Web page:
John McEnroe and Boris Becker, at various points in their careers, have been described as the 'best player ever'.
But, in the past 12 months, both of these tennis legends have paid homage to Pete Sampras, the four-time Wimbledon champion who is aiming for his third Salem Open title at Victoria Park.
McEnroe, while commentating on a Sampras match last year for television, was gasping after one of Sampras' brilliant rallies and told his colleagues in the booth and viewers: 'I think we may be watching the greatest player ever.' Becker's comments were less impromptu but equally forthright. 'I've been fortunate to play with some of the best players: Borg, Connors, McEnroe, Edberg . . . but Pete is the best as far as I'm concerned. There is not a shot that he doesn't have.' All great players, though, are human. Sampras has shown, by his performances so far this year, that he, too, is fallible.
After ending last year as world number one for the fifth consecutive year, matching the record of countryman Jimmy Connors, Sampras goes into the Salem Open with his top-ranked status under siege for the first time since January 1997.
His early departure from this year's Australia Open, the first Grand Slam of the season, and indifferent performances in recent tournaments has seen Czech Petr Korda emerge as a major threat to Sampras' number one ranking.
In fact, if Korda had not been defeated in the quarter-finals of the recent Champions' Cup in Indian Wells, Sampras would have been usurped as the top player on the Association of Tennis Professionals computer rankings.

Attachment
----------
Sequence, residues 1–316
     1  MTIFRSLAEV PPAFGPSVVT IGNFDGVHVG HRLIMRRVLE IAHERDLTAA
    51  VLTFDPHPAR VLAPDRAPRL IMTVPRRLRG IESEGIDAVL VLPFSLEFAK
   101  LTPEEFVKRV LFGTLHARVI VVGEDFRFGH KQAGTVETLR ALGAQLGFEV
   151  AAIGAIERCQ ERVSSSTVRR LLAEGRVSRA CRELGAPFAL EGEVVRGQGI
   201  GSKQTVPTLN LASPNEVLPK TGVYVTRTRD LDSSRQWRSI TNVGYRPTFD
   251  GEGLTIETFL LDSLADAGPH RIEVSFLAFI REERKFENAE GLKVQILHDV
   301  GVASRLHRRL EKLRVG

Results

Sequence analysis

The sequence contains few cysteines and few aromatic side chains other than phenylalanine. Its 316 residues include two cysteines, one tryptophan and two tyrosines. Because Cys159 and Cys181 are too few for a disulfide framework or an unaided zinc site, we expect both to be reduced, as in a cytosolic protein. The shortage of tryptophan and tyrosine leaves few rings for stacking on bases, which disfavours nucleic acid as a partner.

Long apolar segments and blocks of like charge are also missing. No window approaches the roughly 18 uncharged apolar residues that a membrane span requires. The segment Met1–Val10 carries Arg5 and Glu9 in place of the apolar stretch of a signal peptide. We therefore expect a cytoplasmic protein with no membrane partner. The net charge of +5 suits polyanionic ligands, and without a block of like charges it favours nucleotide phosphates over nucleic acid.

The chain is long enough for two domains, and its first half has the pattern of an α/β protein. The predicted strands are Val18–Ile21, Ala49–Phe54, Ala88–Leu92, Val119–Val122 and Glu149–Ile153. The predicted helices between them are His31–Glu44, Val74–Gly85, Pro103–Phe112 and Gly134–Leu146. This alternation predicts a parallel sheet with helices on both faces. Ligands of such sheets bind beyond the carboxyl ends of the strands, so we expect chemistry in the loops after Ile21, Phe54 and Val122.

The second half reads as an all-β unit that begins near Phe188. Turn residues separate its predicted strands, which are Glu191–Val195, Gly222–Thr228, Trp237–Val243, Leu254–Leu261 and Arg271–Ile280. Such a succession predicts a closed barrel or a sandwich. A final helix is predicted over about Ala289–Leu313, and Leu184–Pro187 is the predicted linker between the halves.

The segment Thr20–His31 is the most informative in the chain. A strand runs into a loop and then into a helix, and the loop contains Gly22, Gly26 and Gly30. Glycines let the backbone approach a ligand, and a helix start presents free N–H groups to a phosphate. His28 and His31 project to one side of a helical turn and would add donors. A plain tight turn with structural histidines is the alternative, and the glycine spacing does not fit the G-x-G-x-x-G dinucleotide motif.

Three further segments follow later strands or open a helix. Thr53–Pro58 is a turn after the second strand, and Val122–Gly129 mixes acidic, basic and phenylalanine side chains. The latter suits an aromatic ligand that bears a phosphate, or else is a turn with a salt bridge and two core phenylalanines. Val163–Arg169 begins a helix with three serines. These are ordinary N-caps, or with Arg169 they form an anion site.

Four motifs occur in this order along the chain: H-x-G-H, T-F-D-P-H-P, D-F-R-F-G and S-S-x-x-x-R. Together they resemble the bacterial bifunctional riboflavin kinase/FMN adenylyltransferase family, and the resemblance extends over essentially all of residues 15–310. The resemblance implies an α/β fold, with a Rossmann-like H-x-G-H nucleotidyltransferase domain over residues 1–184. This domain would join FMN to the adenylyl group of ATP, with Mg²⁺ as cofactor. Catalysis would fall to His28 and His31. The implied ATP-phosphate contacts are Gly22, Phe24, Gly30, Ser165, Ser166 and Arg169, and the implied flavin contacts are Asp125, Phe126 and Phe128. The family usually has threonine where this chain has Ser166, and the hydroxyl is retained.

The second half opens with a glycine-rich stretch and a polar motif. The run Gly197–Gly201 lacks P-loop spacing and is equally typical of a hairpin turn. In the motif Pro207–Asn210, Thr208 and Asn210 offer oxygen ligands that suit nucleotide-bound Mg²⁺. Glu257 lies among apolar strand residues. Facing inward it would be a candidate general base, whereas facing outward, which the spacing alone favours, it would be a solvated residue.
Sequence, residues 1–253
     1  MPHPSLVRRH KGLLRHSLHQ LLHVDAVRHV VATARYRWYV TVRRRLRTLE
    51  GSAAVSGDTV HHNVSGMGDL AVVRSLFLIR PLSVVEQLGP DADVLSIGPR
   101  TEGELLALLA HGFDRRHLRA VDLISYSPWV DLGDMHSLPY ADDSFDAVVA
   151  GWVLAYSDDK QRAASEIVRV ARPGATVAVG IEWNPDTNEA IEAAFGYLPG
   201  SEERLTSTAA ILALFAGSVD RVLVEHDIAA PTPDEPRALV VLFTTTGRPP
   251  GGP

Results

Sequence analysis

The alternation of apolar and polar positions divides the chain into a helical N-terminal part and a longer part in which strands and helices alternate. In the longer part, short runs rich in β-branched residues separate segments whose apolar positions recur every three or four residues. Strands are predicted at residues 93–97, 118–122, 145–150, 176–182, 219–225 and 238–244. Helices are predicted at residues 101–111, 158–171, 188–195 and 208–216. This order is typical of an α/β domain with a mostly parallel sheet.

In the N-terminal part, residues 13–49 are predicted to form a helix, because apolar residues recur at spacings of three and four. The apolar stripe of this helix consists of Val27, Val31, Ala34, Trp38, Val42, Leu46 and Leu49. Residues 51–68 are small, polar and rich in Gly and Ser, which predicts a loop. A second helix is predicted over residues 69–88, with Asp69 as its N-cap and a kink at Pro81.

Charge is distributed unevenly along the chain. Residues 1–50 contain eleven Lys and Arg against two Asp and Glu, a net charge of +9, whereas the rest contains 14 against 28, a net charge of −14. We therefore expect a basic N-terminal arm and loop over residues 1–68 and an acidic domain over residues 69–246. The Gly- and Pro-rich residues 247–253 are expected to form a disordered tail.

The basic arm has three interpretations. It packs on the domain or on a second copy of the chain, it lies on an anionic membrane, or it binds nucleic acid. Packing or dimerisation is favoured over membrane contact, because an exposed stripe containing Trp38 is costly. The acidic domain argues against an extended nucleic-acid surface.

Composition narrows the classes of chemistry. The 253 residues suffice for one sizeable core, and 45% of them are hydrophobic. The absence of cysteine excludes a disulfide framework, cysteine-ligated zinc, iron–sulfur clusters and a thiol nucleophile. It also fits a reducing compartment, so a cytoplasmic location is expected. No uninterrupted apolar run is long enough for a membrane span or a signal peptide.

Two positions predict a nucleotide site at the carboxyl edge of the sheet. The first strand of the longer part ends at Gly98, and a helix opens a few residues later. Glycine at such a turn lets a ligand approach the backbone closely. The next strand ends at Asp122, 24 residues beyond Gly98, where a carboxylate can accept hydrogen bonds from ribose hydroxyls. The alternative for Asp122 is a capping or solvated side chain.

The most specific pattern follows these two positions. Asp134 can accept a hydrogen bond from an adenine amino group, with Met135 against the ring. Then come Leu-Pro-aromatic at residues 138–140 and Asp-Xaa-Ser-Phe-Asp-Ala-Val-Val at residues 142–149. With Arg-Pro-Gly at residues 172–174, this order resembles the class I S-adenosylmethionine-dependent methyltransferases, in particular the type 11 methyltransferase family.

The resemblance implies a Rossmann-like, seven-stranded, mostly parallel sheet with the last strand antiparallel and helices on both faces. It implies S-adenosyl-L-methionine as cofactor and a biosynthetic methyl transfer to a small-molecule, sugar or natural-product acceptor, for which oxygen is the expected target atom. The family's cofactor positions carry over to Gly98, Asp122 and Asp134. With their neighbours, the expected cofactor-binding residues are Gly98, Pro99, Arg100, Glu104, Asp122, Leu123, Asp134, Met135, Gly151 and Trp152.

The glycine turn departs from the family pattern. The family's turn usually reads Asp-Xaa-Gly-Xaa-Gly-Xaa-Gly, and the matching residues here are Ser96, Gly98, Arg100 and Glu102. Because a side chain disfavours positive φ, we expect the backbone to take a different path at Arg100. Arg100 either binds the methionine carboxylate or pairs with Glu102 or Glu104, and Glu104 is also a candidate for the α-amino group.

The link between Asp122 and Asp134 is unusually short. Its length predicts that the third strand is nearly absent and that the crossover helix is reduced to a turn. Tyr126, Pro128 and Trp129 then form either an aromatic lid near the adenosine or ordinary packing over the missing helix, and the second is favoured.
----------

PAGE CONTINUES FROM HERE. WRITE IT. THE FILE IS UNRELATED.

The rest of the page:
However, like fellow competitor Michael Chang, Sampras may look to the Salem Open to rekindle his form and strengthen his claims for a record sixth straight year as the world's number one player.
Victoria Park has, in fact, been an excellent hunting ground for Sampras and was the stage of his first tournament as world number one. His relationship with the Salem Open goes back to 1990 when the tournament was launched.
At the time, he was ranked 19th in the world and was the top seed. However, a few weeks before the event, he was forced to withdraw injured but vowed to one day fulfil his ambition to win in Hong Kong.
In 1993, he defeated his predecessor, Jim Courier, in three sets in one of the best finals Hong Kong has seen.
After two years of domination by Chang, Sampras returned in 1996, beating Chang in the final to win his second Hong Kong title.
He had hoped to make it three last year but an injury forced him to withdraw just days before the tournament.